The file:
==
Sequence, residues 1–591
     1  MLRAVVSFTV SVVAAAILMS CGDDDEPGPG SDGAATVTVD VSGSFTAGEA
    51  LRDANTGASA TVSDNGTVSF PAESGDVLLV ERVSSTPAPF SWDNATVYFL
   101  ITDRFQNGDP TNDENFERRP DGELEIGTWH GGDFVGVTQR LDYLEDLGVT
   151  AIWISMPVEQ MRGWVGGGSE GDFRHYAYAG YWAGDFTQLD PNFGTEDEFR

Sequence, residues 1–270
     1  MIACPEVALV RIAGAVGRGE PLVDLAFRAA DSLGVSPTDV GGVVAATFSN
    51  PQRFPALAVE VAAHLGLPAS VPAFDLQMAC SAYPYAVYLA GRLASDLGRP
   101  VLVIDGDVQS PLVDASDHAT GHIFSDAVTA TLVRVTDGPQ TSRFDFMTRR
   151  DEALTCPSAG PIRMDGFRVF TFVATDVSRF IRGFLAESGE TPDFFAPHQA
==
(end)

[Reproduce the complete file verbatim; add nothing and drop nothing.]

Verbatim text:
Sequence, residues 1–591
     1  MLRAVVSFTV SVVAAAILMS CGDDDEPGPG SDGAATVTVD VSGSFTAGEA
    51  LRDANTGASA TVSDNGTVSF PAESGDVLLV ERVSSTPAPF SWDNATVYFL
   101  ITDRFQNGDP TNDENFERRP DGELEIGTWH GGDFVGVTQR LDYLEDLGVT
   151  AIWISMPVEQ MRGWVGGGSE GDFRHYAYAG YWAGDFTQLD PNFGTEDEFR

Sequence, residues 1–270
     1  MIACPEVALV RIAGAVGRGE PLVDLAFRAA DSLGVSPTDV GGVVAATFSN
    51  PQRFPALAVE VAAHLGLPAS VPAFDLQMAC SAYPYAVYLA GRLASDLGRP
   101  VLVIDGDVQS PLVDASDHAT GHIFSDAVTA TLVRVTDGPQ TSRFDFMTRR
   151  DEALTCPSAG PIRMDGFRVF TFVATDVSRF IRGFLAESGE TPDFFAPHQA